Creamy scalloped potatoes are made with layers of potatoes and homemade cream sauce. Make this recipe for a casual dinner or holiday meal.
Potato side dishes are really popular around the holidays, mainly because they’re such a great way to feed a crowd. I appreciate that potatoes reheat well, so they can be made ahead.
When I’m cooking for a holiday meal, I usually make either roasted mashed potatoes or brown butter mashed potatoes ahead of time. Then, the day of serving, I just pop them in the fridge to reheat. I do the same thing when I make scalloped potato casserole.
Creamy Scalloped Potatoes
This casserole make the perfect side for a weekend dinner too, because it goes well with just about anything.
Difference between au gratin and scalloped potatoes
While both are baked potato casseroles, scalloped and au gratin have one distinct difference – cheese! Both feature layers of sliced potatoes with milk or heavy cream, but only au gratin potatoes have shredded cheese between the layers.
Potatoes au gratin also often has a layer of breadcrumbs on top. Another key difference is the thickness of the slices; those used in au gratin are typically much thinner.
Ingredient Notes and Substitutions
Note: This is just a partial list of ingredients. For the full ingredient list, see the recipe card at the bottom of this post.
- Potatoes – Yukon Gold are the best choice for this recipe, as they hold their shape well.
- Milk – Feel free to use heavy cream or half and half to make a richer, creamier sauce.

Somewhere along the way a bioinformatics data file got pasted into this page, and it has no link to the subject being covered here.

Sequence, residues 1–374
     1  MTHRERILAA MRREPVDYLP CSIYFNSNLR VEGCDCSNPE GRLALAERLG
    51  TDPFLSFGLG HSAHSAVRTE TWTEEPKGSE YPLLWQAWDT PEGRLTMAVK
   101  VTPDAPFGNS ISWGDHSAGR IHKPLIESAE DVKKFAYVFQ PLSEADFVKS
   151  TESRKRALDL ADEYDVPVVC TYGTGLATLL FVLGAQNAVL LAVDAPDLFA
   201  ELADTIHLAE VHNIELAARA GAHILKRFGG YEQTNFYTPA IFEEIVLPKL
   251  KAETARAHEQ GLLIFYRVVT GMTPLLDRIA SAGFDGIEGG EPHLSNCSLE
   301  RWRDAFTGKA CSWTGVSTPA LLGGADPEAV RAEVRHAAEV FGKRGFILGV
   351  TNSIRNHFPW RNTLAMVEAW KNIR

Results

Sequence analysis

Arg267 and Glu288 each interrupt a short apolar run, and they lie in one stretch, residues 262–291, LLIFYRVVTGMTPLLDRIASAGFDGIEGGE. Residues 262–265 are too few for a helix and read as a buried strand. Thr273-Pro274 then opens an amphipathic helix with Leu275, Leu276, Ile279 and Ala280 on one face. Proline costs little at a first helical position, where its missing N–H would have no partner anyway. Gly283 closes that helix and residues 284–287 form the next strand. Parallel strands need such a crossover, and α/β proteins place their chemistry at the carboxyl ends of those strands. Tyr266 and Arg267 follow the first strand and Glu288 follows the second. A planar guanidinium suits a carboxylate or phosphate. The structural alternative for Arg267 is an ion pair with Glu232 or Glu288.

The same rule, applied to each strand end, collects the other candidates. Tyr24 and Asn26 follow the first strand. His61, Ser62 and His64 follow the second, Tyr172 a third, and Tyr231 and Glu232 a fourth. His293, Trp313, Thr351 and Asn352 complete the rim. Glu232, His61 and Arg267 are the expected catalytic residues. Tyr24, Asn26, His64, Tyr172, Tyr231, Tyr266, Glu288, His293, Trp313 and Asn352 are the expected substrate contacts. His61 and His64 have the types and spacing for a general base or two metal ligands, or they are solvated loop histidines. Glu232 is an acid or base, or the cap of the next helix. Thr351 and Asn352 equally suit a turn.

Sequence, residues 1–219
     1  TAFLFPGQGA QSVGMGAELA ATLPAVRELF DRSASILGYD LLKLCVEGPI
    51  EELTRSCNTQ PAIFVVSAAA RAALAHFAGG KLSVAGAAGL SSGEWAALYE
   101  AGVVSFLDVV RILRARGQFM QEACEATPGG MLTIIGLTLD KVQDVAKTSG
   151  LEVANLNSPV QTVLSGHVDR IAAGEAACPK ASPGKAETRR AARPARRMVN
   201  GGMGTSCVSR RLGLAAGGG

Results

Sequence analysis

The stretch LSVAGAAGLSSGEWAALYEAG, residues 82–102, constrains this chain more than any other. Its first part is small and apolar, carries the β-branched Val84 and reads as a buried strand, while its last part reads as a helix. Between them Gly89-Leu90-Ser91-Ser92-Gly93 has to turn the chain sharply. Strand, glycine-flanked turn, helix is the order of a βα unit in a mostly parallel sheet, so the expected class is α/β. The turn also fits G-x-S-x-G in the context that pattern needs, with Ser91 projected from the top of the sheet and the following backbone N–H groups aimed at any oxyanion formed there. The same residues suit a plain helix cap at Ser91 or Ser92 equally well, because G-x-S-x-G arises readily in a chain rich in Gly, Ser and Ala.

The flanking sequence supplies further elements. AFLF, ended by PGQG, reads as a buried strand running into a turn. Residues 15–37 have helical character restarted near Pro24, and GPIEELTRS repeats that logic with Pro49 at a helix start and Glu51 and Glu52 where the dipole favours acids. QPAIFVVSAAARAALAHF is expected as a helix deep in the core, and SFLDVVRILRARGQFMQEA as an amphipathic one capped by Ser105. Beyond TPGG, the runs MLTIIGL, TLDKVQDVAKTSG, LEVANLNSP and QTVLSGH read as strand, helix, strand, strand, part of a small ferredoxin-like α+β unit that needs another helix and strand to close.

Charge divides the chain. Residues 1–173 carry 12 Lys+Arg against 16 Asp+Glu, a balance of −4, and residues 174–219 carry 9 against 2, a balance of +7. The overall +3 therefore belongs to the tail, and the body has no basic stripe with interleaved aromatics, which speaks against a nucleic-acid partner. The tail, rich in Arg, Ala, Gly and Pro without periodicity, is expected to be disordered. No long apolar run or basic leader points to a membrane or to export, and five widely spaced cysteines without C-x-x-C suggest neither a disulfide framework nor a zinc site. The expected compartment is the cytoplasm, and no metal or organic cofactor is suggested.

- Chicken stock – You can also use chicken broth, or substitute with vegetable broth to make this dish vegetarian.
- Ranch seasoning – Any packet of dry seasoning will work just fine, or use a homemade version if you prefer.
How to slice potatoes with a mandolin
Using this kitchen tool saves lots of time in the kitchen, especially when you have a large pile of potatoes to slice! Be sure to protect your fingers with the guard provided, as the blade is very sharp.
- First, wash and peel the potatoes. It can also help to slice them in half so you start with a flat surface.
- Adjust the blade on the mandolin to the correct thickness.
- Next, position the mandolin so the raised end is closest to you.
- Place a potato half in the handguard and slide it down against the blade. Use even pressure so the slices are consistent.
- Repeat with the remaining potatoes until you have a pile of thin slices.
Video: Making Scalloped Potato Casserole
Making this recipe is pretty straightforward, but if this will be your first time making the dish, be sure to watch the video in the recipe card at the bottom of the post!
- Slice the vegetables: Cut the onion in half, then slice into thin rounds along with the potatoes. You can use a mandolin or sharp knife, whichever you prefer.
- Make the cream sauce: Saute the onion with the spices, then add the flour to remove the raw flavor. Add the liquids and ranch seasoning and simmer until thickened.
- Assemble the dish: Create 3 layers of potatoes and sauce in a greased casserole dish, starting with potatoes on the bottom and ending with the sauce on top.